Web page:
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AGs want congressional authorization of additional Crime Victims Fund money

Rebecca Barnabi
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A coalition of 41 attorneys general is encouraging Congress to authorize much-needed 2024 bridge funding for the federal Crime Victims Fund (the “VOCA Fund”).

The VOCA Fund supports the provision of essential direct services for crime victims and survivors across the United States. According to the U.S. Department of Justice’s Office for Victims of Crime, projected fiscal year 2024 funding for victim service grants will be $700 million less than fiscal year 2023.

“In every corner of our nation, victims of crime rely on the vital support and services provided by federal funding. As victims navigate the aftermath of trauma, from the pain of physical injuries to the anguish of emotional distress, victim advocates are there to support recovery and well-being. That’s why it is imperative that Congress acts swiftly to ensure that victim service programs, like those available here in the Commonwealth, remain fully funded,” said Virginia Attorney General Jason Miyares. “As violent crime continues to rise across the country, we have to ensure we remain committed to supporting victims every step of the way. I’m proud to stand with this bipartisan coalition of attorneys general calling on Congress to ensure victims and survivors have the resources and assistance they need in their most difficult times.”

The VOCA Fund was established by the Victims of Crime Act of 1984, and is the primary financial source for victim services in all 50 states, five U.S. territories and the District of Columbia. VOCA Fund revenue is generated from offenders convicted of crimes, not from taxes.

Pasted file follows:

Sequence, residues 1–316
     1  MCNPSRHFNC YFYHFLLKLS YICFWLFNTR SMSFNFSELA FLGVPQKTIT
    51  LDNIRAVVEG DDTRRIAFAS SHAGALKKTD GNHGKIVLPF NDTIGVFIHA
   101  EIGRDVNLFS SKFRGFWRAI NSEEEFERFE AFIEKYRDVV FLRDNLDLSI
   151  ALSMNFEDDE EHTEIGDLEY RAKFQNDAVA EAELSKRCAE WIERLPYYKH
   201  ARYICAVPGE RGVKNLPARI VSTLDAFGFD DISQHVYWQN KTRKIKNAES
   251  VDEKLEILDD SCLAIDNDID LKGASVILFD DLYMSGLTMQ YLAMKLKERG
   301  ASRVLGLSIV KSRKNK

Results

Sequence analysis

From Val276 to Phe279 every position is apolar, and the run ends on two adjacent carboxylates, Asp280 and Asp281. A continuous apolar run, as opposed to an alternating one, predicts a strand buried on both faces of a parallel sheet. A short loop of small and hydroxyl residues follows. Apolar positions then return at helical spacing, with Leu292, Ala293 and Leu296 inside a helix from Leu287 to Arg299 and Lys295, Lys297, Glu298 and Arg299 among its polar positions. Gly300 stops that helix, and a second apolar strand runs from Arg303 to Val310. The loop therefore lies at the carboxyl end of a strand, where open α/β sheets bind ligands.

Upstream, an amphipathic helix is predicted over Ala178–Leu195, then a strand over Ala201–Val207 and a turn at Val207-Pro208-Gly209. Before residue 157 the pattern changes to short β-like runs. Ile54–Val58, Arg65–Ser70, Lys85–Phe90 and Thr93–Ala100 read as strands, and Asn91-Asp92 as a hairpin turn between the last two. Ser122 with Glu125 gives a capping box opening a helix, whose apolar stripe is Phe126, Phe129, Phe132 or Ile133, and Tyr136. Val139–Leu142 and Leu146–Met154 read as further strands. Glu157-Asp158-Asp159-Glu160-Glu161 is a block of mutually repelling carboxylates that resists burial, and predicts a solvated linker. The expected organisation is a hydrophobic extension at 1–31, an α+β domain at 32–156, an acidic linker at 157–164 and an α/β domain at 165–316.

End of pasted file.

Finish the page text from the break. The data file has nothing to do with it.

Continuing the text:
Congress passed the VOCA Fix Act in 2021 to allow monetary recoveries from federal deferred prosecutions and non-prosecution agreements to replenish the fund. While passage of the VOCA Fix Act was necessary, it was insufficient to adequately shore up fund balances, and 2024 VOCA funding for crime victim service programs is anticipated to be 41 percent lower nationwide when compared to 2023 grant awards.

Without prompt action by Congress, many victim service programs across the country may be forced to close.

The VOCA Fund supports medical care, mental health counseling, lost wages, courtroom advocacy and temporary housing for victims and survivors of crime. The Fund also helps to fund federal, state and tribal victim service programs, crime victim compensation, discretionary grant awards, victim specialists in U.S. Attorney’s Offices and the Federal Bureau of Investigation and the federal victim notification system.

Virginia’s Department of Criminal Justice Services administers victim assistance grant programs financed by the VOCA Fund.

In Virginia, VOCA funds are used to provide important services such as children’s advocacy centers, sexual assault and domestic violence prevention programming and victim advocates at our courthouses.

Rebecca Barnabi

Rebecca Barnabi

Rebecca J. Barnabi is the national editor of Augusta Free Press. A graduate of the University of Mary Washington, she began her journalism career at The Fredericksburg Free-Lance Star. In 2013, she was awarded first place for feature writing in the Maryland, Delaware, District of Columbia Awards Program, and was honored by the Virginia School Boards Association’s 2019 Media Honor Roll Program for her coverage of Waynesboro Schools. Her background in newspapers includes writing about features, local government, education and the arts.